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In the course of these observations on the sound of poetical language, I am not conscious of having affirmed any thing which does not admit of proof. Some of the proofs, however, I was obliged to leave out; as they would have led me into long disquisitions, relating rather to the peculiarities of Latin and English verse, than to the general characters of the poetick art. These proofs may possibly find a place hereafter in a treatise of versification and English prosody, which I began some years ago, but have not yet finished.
Written in the year 1764.
Ego vero omni de re facetius puto posse ab homine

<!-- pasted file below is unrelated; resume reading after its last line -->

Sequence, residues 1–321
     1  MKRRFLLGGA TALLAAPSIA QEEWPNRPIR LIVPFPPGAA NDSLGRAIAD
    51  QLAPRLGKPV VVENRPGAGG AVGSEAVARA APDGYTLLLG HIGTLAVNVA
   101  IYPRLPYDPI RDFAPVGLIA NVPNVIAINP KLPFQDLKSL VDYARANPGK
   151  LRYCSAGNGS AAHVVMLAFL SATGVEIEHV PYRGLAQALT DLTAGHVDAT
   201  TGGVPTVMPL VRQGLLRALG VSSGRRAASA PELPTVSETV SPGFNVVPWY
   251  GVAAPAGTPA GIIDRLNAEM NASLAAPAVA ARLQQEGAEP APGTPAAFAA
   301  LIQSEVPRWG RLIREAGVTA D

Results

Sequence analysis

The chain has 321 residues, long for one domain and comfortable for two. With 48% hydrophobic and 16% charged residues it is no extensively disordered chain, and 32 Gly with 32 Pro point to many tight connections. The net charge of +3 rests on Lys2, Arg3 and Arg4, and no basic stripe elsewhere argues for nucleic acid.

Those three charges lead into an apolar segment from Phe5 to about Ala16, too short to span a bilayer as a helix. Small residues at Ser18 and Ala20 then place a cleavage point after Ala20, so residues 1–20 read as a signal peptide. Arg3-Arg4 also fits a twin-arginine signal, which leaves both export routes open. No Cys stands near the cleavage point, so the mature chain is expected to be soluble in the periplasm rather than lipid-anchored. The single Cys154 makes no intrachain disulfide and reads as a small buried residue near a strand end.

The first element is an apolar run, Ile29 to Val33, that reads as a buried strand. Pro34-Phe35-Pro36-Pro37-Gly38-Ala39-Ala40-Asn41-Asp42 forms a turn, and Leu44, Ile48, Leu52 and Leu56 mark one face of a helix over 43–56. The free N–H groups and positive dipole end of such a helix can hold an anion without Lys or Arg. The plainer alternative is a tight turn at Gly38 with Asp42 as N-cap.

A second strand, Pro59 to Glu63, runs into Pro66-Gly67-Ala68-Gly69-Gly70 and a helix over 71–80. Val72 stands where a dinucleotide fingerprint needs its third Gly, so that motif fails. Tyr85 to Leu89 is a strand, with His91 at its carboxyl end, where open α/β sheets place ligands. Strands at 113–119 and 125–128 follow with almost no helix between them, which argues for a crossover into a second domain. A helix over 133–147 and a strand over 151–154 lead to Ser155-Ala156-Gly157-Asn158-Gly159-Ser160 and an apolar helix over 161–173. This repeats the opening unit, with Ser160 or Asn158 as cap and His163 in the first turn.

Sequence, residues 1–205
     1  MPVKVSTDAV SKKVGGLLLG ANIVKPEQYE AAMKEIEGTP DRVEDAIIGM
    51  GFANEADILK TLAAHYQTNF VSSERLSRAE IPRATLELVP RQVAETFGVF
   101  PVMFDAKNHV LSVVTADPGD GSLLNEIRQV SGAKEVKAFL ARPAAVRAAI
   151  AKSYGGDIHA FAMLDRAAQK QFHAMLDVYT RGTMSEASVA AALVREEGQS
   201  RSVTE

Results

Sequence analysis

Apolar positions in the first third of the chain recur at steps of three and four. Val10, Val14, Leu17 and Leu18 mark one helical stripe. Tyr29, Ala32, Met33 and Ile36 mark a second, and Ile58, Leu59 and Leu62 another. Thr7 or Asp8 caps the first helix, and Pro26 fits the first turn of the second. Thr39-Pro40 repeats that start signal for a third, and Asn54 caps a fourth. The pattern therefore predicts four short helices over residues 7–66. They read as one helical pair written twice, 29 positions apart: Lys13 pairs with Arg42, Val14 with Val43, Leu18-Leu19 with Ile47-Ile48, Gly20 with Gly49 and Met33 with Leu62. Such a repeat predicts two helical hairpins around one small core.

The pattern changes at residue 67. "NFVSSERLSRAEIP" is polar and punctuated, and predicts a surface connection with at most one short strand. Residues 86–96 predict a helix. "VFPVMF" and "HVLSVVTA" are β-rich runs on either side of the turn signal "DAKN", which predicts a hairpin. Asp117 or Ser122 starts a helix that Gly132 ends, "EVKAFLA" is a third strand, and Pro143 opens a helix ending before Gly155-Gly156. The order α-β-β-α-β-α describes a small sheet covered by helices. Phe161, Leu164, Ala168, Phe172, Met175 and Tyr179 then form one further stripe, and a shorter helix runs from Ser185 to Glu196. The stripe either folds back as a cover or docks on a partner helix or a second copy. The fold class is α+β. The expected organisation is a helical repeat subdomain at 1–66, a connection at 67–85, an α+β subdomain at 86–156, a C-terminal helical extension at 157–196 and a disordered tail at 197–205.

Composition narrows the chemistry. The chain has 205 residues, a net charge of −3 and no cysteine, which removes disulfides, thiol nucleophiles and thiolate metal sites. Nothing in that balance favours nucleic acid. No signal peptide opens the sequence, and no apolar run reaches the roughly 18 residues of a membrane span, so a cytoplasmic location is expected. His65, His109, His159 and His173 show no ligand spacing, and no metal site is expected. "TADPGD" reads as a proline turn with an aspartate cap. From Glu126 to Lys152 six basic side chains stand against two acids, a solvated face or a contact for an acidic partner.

' L 2
Introduction. The Subject proposed. Opinions of Philosophers. I. Aristotle. W.Hobbes. III. Hutcheson. IV. Akenside.
Of man, it is observed by Homer, that he is the most wretched, and, by Addison and others, that he is the merriest animal in the whole creation: and both opinions are plausible, and both perhaps may be true. If, from the acute ness and delicacy of his perceptive powers, from his remembrance of the past, and his anticipation of what is to come, from his restless and creative fancy, and from the various sensibilities of his moral nature, man be ex